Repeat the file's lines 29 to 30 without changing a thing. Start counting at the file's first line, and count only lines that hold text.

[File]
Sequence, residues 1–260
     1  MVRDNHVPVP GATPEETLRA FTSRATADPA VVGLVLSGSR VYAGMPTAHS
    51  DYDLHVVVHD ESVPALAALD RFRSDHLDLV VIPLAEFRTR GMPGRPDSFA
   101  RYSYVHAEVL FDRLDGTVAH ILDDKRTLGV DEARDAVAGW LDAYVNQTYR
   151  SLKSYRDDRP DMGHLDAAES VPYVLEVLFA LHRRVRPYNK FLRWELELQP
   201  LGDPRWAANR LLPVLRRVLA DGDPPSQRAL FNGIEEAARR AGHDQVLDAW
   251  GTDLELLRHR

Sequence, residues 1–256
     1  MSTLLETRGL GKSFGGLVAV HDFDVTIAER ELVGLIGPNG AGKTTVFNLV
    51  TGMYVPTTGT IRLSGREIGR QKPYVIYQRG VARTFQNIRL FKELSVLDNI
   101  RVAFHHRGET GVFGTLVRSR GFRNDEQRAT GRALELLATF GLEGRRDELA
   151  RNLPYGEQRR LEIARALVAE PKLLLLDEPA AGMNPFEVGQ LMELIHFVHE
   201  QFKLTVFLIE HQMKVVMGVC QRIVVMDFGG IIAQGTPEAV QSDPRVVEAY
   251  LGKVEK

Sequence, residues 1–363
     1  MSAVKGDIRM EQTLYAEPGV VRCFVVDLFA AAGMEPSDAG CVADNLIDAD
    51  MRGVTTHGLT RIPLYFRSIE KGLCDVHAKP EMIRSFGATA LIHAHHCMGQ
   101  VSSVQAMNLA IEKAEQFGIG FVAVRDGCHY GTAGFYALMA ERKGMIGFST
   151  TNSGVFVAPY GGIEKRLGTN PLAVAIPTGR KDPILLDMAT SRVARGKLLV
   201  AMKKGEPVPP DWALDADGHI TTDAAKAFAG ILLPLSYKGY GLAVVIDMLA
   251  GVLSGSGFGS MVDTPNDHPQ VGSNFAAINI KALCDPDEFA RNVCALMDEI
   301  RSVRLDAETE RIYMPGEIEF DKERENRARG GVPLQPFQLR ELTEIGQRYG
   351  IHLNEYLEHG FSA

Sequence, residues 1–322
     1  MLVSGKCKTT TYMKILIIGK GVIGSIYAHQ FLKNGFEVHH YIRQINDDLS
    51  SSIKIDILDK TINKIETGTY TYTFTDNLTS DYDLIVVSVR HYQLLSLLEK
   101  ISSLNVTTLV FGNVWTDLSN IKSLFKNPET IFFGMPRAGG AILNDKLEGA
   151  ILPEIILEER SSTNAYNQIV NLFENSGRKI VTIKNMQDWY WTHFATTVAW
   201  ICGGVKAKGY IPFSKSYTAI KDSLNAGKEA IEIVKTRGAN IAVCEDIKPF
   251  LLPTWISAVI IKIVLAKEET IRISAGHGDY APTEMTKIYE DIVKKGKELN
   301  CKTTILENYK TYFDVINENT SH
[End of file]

   201  ICGGVKAKGY IPFSKSYTAI KDSLNAGKEA IEIVKTRGAN IAVCEDIKPF
   251  LLPTWISAVI IKIVLAKEET IRISAGHGDY APTEMTKIYE DIVKKGKELN